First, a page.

9. Philip M. Pendergast & Tim Wadsworth & Charis E. Kubrin, 2019. "Suicide in Happy Places: Is There Really a Paradox?," Journal of Happiness Studies, Springer, vol. 20(1), pages 81-99, January.
    10. Becker, Sascha O. & Woessmann, Ludger, 2011. "Knocking on Heaven’s Door? Protestantism and Suicide," The Warwick Economics Research Paper Series (TWERPS) 966, University of Warwick, Department of Economics.
    11. Khalil, Elias L. & Aimone, Jason A. & Houser, Daniel & Wang, Siyu & Martinez, Deborah & Qian, Kun, 2021. "The aspirational income hypothesis: On the limits of the relative income hypothesis," Journal of Economic Behavior & Organization, Elsevier, vol. 182(C), pages 229-247.
    12. David G. Blanchflower & Carol L. Graham, 2022. "The Mid-Life Dip in Well-Being: a Critique," Social Indicators Research: An International and Interdisciplinary Journal for Quality-of-Life Measurement, Springer, vol. 161(1), pages 287-344, May.
    13. David N. F. Bell & David G. Blanchflower, 2021. "The U‐shape of happiness in Scotland," Scottish Journal of Political Economy, Scottish Economic Society, vol. 68(4), pages 407-433, September.
    14. Rottmann, Horst, 2014. "Do unemployment benefits and employment protection influence suicide mortality? An international panel data analysis," Weidener Diskussionspapiere 42, University of Applied Sciences Amberg-Weiden (OTH).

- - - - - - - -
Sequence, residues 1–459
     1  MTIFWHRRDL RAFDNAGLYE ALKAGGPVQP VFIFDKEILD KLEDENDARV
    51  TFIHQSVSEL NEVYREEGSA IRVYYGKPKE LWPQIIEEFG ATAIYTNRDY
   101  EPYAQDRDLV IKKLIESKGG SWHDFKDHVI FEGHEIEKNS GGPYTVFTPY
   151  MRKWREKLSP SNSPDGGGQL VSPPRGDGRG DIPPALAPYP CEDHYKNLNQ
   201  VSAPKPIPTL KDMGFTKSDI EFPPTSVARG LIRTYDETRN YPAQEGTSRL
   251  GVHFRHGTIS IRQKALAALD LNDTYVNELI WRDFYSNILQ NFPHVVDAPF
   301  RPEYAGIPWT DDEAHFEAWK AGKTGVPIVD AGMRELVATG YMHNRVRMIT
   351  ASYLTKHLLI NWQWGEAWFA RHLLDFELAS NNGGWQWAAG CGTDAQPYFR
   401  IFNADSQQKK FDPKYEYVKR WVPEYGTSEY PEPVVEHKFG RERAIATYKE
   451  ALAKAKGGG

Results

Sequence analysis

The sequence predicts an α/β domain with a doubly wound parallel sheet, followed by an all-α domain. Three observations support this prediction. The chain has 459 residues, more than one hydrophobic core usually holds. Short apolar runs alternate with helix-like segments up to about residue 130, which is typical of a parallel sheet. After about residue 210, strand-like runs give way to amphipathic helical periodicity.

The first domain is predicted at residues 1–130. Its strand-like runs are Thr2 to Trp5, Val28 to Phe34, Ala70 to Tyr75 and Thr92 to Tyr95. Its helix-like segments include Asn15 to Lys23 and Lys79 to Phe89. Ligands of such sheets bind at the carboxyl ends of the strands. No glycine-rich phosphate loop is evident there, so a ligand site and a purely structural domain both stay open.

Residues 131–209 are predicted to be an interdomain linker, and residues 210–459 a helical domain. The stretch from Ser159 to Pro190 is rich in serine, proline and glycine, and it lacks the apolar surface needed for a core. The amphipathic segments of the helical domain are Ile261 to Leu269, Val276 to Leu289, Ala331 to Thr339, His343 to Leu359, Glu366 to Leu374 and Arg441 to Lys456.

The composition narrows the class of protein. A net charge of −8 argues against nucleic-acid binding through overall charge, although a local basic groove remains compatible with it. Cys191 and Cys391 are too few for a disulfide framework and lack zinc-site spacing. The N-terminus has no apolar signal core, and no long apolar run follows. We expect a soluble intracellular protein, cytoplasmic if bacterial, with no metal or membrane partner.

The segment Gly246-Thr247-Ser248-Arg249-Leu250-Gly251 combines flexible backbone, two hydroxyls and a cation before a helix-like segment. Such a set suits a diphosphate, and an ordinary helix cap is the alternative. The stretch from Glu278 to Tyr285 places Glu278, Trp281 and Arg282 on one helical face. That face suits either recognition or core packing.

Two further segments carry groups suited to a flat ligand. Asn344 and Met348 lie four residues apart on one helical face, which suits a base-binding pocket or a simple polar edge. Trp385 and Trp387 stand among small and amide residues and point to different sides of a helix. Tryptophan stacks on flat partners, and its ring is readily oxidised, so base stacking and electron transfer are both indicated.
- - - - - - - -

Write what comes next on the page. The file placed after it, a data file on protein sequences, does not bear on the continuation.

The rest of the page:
15. Edward L. Glaeser & Joshua D. Gottlieb & Oren Ziv, 2016. "Unhappy Cities," Journal of Labor Economics, University of Chicago Press, vol. 34(S2), pages 129-182.
    16. Mohsen Joshanloo & Veljko Jovanović & Tim Taylor, 2019. "A multidimensional understanding of prosperity and well-being at country level: Data-driven explorations," PLOS ONE, Public Library of Science, vol. 14(10), pages 1-31, October.
    17. Chuluun, Tuugi & Graham, Carol, 2016. "Local happiness and firm behavior: Do firms in happy places invest more?," Journal of Economic Behavior & Organization, Elsevier, vol. 125(C), pages 41-56.
    18. Alexander Gilgur & Jose Emmanuel Ramirez-Marquez, 2020. "Using Deductive Reasoning to Identify Unhappy Communities," Social Indicators Research: An International and Interdisciplinary Journal for Quality-of-Life Measurement, Springer, vol. 152(2), pages 581-605, November.
    19. Joël Berger & Andreas Diekmann, 2015. "The Logic of Relative Frustration: Boudon’s Competition Model and Experimental Evidence," ETH Zurich Sociology Working Papers 10, ETH Zurich, Chair of Sociology.
    20. Christian Breuer & Horst Rottmann, 2014. "Do Labor Market Institutions Influence Suicide Mortality? An International Panel Data Analysis," CESifo Working Paper Series 4875, CESifo.
    21. Rambotti, Simone, 2020. "Is there a relationship between welfare-state policies and suicide rates? Evidence from the U.S. states, 2000–2015," Social Science & Medicine, Elsevier, vol. 246(C).
    22. David G. Blanchflower & Carol L. Graham, 2020. "The Mid-Life Dip in Well-Being: Economists (Who Find It) Versus Psychologists (Who Don't)!," NBER Working Papers 26888, National Bureau of Economic Research, Inc.
    23. Pickett, Kate E. & Wilkinson, Richard G., 2015. "Income inequality and health: A causal review," Social Science & Medicine, Elsevier, vol. 128(C), pages 316-326.

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    More about this item

    Keywords

    Happiness; Well-being; Suicide; Relative comparisons;
    All these keywords.

    JEL classification:

    • I - Health, Education, and Welfare
    • J - Labor and Demographic Economics